There are some books you remember reading for a long time, and Joseph Skibell’s A Blessing on the Moon is one of those books. It seems like 15 years ago (it was actually 13) when I first read the story of man who climbs out of his mass grave through the help of his rabbi/bird. Skibell’s take on the Holocaust was like nothing I’d read, mixing folklore and the fantastic with harsh reality. And then I passed the book to my sister Claudia, and she loved the book even more. It seemed like we discussed A Blessing on the Moon on and off for over a year.
There was one book in between (which I admit I didn’t read), but now, after many years, is a fitting follow up. A Curable Romantic has just arrived in stores, and is one of those books that you keep talking about long after it’s over. It start in 1890’s Vienna, where Dr. Jakob Sammelsohn (check spelling) is an optometrist, helping Austrians fake eye exams to get government aid.
He falls for a young woman from afar at the opera; she’s in the company of Sigmund Freud, and Jakob decides to befriend Freud to get to Emma. But Emma is not just a family friend of Freud’s, but a patient. Maybe she’s a hysteric, but maybe she’s possessed by a dybbuk, and not just any dybbuk, but one connected to Jakob’s dark past.
The story careens through the Esperanto movement and into the Warsaw ghetto, like spirits jumping from body to body. The writing is masterful, but the plot is not for the lazy, as Skibell raises as many questions as he answers. Did it matter to me that I had to read chunks of the book twice? No, it made it better. And did I care that the language was peppered with Hebrew lettering and Esperanto dialog? No, it was mesmerizing, as were the juggling balls of philosophy, theology, and politics that careen through the novel.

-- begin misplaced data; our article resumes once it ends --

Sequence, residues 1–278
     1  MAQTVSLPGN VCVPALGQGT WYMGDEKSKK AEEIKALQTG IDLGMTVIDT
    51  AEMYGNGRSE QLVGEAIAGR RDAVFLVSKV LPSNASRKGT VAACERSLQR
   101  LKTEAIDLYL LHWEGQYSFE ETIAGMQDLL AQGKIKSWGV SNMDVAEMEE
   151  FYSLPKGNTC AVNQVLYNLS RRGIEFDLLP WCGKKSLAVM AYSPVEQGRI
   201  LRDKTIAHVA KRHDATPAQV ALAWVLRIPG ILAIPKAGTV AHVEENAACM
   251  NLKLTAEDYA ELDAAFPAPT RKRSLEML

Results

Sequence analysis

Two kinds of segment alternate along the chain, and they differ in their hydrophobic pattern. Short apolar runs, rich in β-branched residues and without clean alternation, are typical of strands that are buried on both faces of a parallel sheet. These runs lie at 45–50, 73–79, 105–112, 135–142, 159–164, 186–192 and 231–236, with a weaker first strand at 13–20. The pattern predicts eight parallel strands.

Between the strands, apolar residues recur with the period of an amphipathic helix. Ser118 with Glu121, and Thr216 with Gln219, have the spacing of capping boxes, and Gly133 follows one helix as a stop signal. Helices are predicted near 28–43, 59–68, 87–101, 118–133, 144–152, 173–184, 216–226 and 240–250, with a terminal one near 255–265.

There’s a Chabon-like chaos to the story, as well as a similar attraction to traditional Jewish imagery, though not so much with the intense male bonding. Now I did have one old coworker and current customer, Tom, who stopped me when I said Chabon. He said, “That’s not going to sell me the book.” Yes, but I play the odds, and I’m more likely to find folks who are attracted to this comparison. Plus, I think it’s a fair one.
And yes, Joseph Skibell is coming to the store, on Monday, October 11th. It’s a JCC preview night, for the Jewish Book and Culture Fair that is going on through November. It’s a great lineup of authors, headlined by the great Myla Goldberg.
Monday, October 11th a shopping night for the JCC, as you can designate a 10% of your purchases to go back to the JCC, instead of your normal Boswell Benefits. And I’m honored to have Jody Hirsh, Judaic Education Director of the JCC and also a big fan of A Curable Romantic, introducing Mr. Skibell.
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